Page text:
Defendants could not implement new KAE terms without obtaining Plaintiffs’ assent, they were
permitted to continue exercising their rights under the existing KAE Amendment unless a
subsequent document specifically extinguished that right. Indeed, by the express terms of the
Chase KAE Amendment, Capital One was required to continue the KAE program unless
Plaintiffs were given notice of cancellation.
Plaintiffs seek to circumvent this conclusion by reference to the substitute credit card
provisions of the Truth in Lending Act (TILA). See 15 U.S.C. § 1642. They argue that because
the Capital One Cardmember Agreement was accompanied by a “substitute credit card”—as
defined by the TILA—any rights previously established by an agreement between Plaintiffs and
Chase were no longer effective. The argument is unavailing. More specifically, TILA provides
that it is precisely because such cards replace an “accepted” credit card, rather than create a new
credit account, that banks are permitted to issue them unilaterally. See 15 U.S.C. § 1642
(exempting “the issuance of a credit card in renewal of, or in substitution for, an accepted credit
card” from the prohibition on unsolicited issuing of credit cards) (emphasis added); see also 12
C.F.R. pt. 226 Supp. I ¶ 12(a)(2)-3 (“Substitution also occurs when a successor card issuer
replaces the original card issuer (for example, when a new card issuer purchases the accounts of
the original issuer and issues its own card to replace the original one).”). In sum, the Capital One
Cardmember Agreement did not extinguish the pre-existing Chase KAE Amendment that was
assigned to Capital One in April 2011, and the fact it was issued along with a substitute credit
card does not disturb this conclusion.
Implementation of Capital One KAE Amendment
Plaintiffs’ further challenge to Defendants’ post-assignment authorization to bill for KAE
focuses on a provision in the Chase KAE Amendment that requires the bank to provide
customers with notice of any adverse changes in terms and that customers be given an
opportunity to cancel their KAE service before such changes take effect. At least one of the
differences between the Chase and Capital One KAE Amendments—a change from Delaware to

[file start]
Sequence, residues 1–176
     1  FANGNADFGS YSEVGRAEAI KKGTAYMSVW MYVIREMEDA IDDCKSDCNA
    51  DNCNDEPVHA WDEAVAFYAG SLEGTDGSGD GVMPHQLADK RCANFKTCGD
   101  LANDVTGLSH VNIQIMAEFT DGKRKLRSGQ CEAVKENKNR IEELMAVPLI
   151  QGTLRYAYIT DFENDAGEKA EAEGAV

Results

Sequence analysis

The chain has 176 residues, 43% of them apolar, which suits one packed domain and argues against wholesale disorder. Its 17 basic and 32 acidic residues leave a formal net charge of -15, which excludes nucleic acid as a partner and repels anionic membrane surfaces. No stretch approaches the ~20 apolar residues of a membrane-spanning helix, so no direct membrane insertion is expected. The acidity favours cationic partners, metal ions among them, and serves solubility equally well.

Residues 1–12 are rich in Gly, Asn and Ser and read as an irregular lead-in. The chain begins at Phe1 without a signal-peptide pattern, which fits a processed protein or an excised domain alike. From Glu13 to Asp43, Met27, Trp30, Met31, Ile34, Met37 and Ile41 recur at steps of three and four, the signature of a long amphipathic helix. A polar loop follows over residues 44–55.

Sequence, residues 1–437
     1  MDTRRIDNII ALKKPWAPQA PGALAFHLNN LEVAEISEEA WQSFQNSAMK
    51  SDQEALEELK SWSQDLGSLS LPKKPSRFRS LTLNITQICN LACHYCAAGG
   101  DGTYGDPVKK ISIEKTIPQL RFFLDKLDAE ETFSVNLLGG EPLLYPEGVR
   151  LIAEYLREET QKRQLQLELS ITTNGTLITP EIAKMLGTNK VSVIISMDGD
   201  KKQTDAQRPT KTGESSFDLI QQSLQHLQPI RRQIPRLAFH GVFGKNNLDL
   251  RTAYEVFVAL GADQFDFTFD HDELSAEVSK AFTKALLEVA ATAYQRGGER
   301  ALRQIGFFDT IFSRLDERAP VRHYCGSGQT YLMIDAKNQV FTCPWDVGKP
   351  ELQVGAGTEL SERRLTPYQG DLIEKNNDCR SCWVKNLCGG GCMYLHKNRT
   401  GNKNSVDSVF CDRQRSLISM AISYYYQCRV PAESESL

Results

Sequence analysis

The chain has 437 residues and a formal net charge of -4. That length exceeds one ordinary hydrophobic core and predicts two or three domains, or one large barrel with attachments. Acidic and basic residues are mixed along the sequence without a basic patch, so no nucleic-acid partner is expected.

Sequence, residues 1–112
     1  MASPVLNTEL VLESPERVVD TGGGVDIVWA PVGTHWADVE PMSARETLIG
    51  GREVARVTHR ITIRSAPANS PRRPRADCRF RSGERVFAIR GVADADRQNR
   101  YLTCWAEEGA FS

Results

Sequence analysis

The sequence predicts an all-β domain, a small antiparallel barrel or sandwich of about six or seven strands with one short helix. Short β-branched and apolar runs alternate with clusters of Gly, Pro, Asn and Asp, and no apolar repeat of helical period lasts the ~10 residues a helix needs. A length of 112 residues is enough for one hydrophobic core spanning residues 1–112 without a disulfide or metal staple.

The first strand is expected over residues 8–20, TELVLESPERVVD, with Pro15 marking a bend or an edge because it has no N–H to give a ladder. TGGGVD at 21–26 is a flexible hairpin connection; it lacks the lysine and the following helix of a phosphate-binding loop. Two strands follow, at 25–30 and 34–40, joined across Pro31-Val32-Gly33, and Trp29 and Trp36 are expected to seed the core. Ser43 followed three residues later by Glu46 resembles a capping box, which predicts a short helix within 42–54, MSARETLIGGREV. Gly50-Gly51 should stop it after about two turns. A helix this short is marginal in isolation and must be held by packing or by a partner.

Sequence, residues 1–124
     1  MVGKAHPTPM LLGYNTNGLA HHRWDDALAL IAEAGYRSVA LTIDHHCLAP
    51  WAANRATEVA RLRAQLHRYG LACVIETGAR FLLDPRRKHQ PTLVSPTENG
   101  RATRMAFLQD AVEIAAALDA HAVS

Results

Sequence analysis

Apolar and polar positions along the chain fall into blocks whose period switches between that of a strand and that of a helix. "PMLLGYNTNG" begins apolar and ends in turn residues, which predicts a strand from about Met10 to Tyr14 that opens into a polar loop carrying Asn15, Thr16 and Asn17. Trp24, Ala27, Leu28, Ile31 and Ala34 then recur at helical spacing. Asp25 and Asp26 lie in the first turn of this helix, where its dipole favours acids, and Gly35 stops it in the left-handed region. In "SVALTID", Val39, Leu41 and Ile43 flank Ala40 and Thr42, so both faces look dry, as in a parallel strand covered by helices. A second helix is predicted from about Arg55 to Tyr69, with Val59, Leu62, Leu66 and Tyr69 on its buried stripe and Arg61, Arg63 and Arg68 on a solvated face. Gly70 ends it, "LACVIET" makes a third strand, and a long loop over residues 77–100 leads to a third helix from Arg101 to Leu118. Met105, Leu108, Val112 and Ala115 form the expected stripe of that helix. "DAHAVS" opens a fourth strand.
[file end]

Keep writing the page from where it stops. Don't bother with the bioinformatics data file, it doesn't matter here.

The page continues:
Virginia governing law—appears to be an adverse change in terms. More specifically, Delaware
consumer protection law does not require proof of reliance to succeed on a claim alleging
deceptive practices, while Virginia consumer protection law does so require. Compare Pa. Emp.
Benefit Trust Fund v. Zeneca, Inc., 710 F. Supp. 2d 458, 471 (D. Del. 2010) (“Courts
consistently have recognized that reliance is not a required element in establishing a claim under
the [Delaware Consumer Fraud Act].”) (collecting cases), with Cooper v. GGGR Invs., LLC, 334
B.R. 179, 188 (E.D. Va. 2005) (holding that Virginia Consumer Protection Act requires proof of
reliance, and collecting Virginia cases consistently reaching that result). A change in terms
which effectively adds the requirement that a customer demonstrate reliance to succeed on a
claim for deceptive practices is plainly adverse to the customer. Thus, a change in governing law
from Delaware to Virginia would have required notice to customers. If, as Plaintiffs allege, there
was no written notice of the new terms contained in the Capital One KAE Amendment, arguably
those terms could not have been implemented in full when the Accounts were transferred to
Capital One or when the Capital One Cardmember Agreement was issued.
While the invalidation of a single, albeit adverse, change in terms does not necessarily
undermine the entire assignment of KAE to Capital One, the allegation that such provision of the
Capital One KAE Amendment could not have been implemented without notice to customers
raises questions that preclude dismissal of Plaintiffs’ claim that Defendants lacked express